Kaiser posts $6.4B net income in 2020

Oakland, Calif.-based Kaiser Permanente recorded a net income of $6.4 billion in 2020, a 14 percent decline compared to 2019, according to recently released financial documents

The 39-hospital system saw its operating revenue increase in 2020 to $88.7 billion, compared to $84.5 billion in 2019. The health system also saw its expenses rise 5.8 percent year over year to $86.5 billion. 

This left Kaiser with an operating income of $2.2 billion in 2020, down about 19 percent from 2019. Overall, Kaiser ended the year with a 2.5 percent operating margin, compared to a 3.2 percent operating margin in 2019. 

Kaiser also saw a nonoperating gain of $4.1 billion in 2020, compared to $4.7 billion in 2019.

"Our 2020 year-end results reflect the strength of our integrated model amid the unparalleled challenges of fighting COVID-19. In each stage of the pandemic, Kaiser Permanente’s dedicated employees did an outstanding job delivering virtual and in-person care while also providing COVID-19 prevention, testing, treatment and vaccination," said Kaiser Chair and CEO Greg Adams. 

Despite the pandemic, Kaiser spent more on capital projects in 2020 than in 2019. In 2020 Kaiser spent $4 billion on projects, whereas in 2019 Kaiser spent $3.5 billion. 

"We actually had a plan to spend more than what we did, $4 billion, but of course with COVID, it caused us to revisit those projects," Tom Meier, corporate treasurer of Kaiser Permanente, told Becker's Hospital Review. "We ended up scaling down a number of projects."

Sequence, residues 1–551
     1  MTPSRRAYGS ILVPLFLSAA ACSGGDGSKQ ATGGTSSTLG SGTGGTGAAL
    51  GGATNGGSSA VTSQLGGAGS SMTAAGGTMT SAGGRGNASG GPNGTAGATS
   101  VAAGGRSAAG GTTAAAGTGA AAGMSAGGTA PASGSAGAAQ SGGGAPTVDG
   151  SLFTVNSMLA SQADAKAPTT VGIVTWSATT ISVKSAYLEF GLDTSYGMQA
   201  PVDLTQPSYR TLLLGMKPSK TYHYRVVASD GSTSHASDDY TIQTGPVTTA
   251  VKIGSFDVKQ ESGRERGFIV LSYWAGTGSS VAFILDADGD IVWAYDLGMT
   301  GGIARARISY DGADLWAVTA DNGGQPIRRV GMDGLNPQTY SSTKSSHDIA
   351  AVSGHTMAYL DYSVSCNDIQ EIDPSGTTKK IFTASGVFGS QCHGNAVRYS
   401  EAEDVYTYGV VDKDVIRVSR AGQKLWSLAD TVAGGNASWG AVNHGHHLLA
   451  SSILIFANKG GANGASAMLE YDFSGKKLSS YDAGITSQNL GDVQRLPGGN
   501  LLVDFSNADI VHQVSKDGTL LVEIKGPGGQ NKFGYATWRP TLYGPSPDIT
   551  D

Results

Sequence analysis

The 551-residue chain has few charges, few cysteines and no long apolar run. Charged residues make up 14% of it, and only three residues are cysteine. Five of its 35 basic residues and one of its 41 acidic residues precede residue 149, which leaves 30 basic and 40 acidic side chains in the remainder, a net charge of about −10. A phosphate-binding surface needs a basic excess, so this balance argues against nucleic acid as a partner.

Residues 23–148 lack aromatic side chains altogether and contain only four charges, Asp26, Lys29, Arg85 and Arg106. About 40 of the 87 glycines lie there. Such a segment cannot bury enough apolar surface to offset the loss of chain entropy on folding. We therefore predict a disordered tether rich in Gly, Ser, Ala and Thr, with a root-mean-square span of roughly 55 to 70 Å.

Mr. Meier explained that over the last several years Kaiser has shifted its capital program to focus on projects related to virtual care, telehealth and information technology. 

Kaiser also offers a health plan to members across the U.S. As of Dec. 31, Kaiser had 12.4 million members, an annual increase of nearly 110,000 members. 

"We were pleased with those results but they were also challenging when you think about the high levels of unemployment and impact COVID had on businesses. We lost some membership in the commercial, but gained it in the individual and Medicaid markets," Mr. Meier said.

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